Academic journal article Intertexts

Criticism after Critique: Aesthetics, Literature, and the Political

Academic journal article Intertexts

Criticism after Critique: Aesthetics, Literature, and the Political

Article excerpt

Criticism After Critique: Aesthetics, Literature, and the Political, ed. Jeffrey R. Di Leo (New York: Palgrave Macmillan, 2014). 229 pp.

This important and timely collection of eleven essays, with an introduction by Jeffrey R. Di Leo and an afterword by R. M. Berry, should be of considerable interest to anyone concerned about the future viability and vitality of academic literary studies. Rethinking the relation of philosophical-political value to aesthetic signification and appreciation, the collection engages very basic questions, such as how literary criticism can escape anachronism or provinciality in the current intellectual climate, what sorts of readings and pedagogical practices follow from renewed attention to aesthetic aspects of literature, and what place remains for "literary studies" within institutional landscapes oriented ever more emphatically toward technocratic-corporate models.

Beginning "from at least the birth of the high theory of the 1970s," Di Leo notes, "critique has been widely regarded as the bedrock of the humanities" (2), but critique itself--ranging from Frankfurt school "unmasking" of ideology encoded in entertainment industry products to post-structuralism-inspired "political" readings of art's naturalizing of illicit power relations--has recently come under challenge as being (a) naive and politically ineffectual, (b) itself inflexible, repetitive, and dogmatic, and (c) unable to sustain an account of the aesthetic that justifies specific, in-depth study of literature and the others arts. Indeed, the idea that critique may undo ideological mystification assumes that ideology aspires to truth-value and rationalism, but Zizek's 1989 argument that people enjoy ideological consistency for its own sake is supported by abundant evidence that ideology is impervious to critique even as it absorbs critique's techniques. In a world where Nietzsche's claim that there is no truth, only interpretations, has become Fox News editorial policy, the notion that rational appeals to truth will undermine ideology seems both old-fashioned and child-like in its simplicity. Moreover, citing Bruno Latour's argument that Jean Baudrillard's "reading" of 9/11 simply repeats his own earlier claims and interpretative moves, Di Leo raises the prospect that critique has "run its course" (3), has become a "mechanical" formalism "that responds more or less the same way of any and all new events," and so is incapable of non-reductive engagement with aesthetic works and their nuances. He thus poses to his contributors a set of pointed questions: "What does sustained theoretical research and discussion look like when the notion of critique is under attack? ... What, if anything, is the political project of literary and cultural criticism after critique?"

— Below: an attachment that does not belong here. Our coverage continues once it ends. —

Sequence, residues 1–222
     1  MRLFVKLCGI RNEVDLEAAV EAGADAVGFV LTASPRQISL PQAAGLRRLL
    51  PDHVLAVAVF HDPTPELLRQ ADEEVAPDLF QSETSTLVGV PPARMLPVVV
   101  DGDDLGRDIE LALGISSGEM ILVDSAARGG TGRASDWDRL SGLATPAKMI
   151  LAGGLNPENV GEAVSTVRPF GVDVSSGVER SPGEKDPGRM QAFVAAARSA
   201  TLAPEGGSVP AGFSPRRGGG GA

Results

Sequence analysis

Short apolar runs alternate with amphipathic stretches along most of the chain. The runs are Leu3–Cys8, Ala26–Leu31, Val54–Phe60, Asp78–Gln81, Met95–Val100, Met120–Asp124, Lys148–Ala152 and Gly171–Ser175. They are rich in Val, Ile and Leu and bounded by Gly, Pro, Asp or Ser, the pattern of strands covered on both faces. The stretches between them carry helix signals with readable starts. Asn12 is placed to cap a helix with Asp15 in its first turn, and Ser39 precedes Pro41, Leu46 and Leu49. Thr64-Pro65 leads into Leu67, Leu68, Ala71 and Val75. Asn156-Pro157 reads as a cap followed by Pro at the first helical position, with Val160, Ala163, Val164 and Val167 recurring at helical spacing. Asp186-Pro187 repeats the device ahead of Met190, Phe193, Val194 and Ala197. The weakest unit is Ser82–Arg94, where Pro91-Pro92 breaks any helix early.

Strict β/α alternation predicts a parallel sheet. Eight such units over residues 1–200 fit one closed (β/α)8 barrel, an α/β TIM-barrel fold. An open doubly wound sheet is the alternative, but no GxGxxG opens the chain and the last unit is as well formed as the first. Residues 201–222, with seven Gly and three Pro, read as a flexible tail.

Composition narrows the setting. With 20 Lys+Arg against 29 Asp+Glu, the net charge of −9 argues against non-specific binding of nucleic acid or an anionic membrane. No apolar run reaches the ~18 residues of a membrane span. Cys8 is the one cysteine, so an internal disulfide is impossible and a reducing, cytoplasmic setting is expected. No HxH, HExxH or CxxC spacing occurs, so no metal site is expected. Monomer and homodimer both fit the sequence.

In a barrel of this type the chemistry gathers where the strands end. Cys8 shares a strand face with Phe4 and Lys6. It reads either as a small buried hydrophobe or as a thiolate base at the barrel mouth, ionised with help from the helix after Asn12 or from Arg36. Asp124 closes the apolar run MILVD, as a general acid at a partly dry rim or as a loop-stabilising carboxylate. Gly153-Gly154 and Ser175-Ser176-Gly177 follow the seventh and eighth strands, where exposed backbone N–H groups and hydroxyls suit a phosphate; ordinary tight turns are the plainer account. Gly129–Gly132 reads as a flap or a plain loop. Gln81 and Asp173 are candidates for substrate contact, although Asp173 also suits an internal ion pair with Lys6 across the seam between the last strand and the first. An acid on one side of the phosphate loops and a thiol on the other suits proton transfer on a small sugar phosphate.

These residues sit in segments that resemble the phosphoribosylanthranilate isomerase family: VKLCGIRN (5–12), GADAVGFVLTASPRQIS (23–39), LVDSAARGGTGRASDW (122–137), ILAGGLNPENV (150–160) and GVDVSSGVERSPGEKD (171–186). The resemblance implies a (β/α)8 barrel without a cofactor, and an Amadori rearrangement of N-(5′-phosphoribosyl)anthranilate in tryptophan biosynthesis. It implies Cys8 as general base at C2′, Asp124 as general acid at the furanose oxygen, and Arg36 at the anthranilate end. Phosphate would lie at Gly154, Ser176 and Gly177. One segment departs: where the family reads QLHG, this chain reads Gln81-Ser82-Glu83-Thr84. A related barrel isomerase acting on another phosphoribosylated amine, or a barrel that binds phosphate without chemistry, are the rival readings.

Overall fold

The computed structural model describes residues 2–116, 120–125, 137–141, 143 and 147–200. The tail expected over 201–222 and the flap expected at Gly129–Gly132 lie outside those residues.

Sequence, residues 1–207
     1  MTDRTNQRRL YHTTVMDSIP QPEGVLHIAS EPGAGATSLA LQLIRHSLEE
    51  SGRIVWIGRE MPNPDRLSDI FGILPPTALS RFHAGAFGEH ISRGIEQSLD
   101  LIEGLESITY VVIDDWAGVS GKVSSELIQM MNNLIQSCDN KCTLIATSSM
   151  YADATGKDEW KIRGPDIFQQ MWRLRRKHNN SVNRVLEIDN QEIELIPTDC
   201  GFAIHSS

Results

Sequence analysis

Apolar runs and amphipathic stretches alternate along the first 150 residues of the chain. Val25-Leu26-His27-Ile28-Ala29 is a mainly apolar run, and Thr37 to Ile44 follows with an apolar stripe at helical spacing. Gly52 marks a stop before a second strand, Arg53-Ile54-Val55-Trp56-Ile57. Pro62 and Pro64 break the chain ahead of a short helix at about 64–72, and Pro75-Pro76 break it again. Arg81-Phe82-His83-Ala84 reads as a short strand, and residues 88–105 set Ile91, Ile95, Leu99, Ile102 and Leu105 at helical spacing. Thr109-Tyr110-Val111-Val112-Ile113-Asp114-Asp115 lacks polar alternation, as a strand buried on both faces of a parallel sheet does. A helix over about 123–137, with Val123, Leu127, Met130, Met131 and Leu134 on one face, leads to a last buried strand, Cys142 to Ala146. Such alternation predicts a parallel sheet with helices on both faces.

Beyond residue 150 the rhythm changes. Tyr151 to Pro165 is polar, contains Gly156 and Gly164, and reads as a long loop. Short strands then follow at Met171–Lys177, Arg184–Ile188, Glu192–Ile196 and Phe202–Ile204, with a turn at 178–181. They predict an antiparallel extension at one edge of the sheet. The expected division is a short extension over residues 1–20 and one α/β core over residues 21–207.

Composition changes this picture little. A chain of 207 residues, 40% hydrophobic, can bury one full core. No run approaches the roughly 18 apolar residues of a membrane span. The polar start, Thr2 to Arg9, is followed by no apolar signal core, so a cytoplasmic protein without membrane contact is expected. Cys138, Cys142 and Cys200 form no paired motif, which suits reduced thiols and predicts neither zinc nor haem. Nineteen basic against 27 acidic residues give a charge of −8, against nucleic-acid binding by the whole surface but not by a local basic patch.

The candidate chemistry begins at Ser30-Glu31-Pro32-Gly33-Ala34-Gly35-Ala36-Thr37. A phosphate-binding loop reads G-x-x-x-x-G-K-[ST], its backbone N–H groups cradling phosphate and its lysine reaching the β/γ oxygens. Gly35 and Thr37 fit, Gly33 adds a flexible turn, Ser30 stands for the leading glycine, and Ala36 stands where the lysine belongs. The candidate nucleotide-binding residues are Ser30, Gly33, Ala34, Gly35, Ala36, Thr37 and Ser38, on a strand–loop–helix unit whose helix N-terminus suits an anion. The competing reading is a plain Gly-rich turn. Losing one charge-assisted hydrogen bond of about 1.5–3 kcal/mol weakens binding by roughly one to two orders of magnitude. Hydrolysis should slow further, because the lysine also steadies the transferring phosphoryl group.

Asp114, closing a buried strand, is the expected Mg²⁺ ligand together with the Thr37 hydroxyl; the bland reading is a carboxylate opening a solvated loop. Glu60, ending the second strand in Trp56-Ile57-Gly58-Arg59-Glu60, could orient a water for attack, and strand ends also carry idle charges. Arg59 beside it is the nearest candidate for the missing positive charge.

As should be expected, individual essays are diversely focused and offer a variety of perspectives. David M. Shumway anchors Zizek's critique of critique in Kant's critique of reason and argues that "fundamental conflict between the text as object of critique and the text as bearer of knowledge or wisdom cannot be overcome within the humanities" (21). Sue-Im Lee points out that defense of emergent, previously marginalized literature evokes the same value of "Good Writing" that defenses of canonical "masterpieces" also deploy. Discussing the "first-person nature of critical judgments" (71), Robert Chodat delineates how Rorty and Cavell theorize literatures provocation of personal attestation, "sticking out one's neck" (85), as qualifying conceptualizations drift toward totalizing self-certainty. Christian Moraru argues for a "planetarity" rather than "global" (103) perspective as a corrective to "Western-oriented" (102) postmodern paradigms. Noting how tensions "between humanist aspirations to the universal and a politics of radical difference" and "between modernist affirmations of literature's power and cultural studies' insistence on the literary as just one form of discourse that is falsely elevated and fetishized above others" (118) vitiate postcolonial theory, Nicole Simek reads projections of "ironic utopias" (124) in Caribbean fiction as escaping from either/or impasses. …

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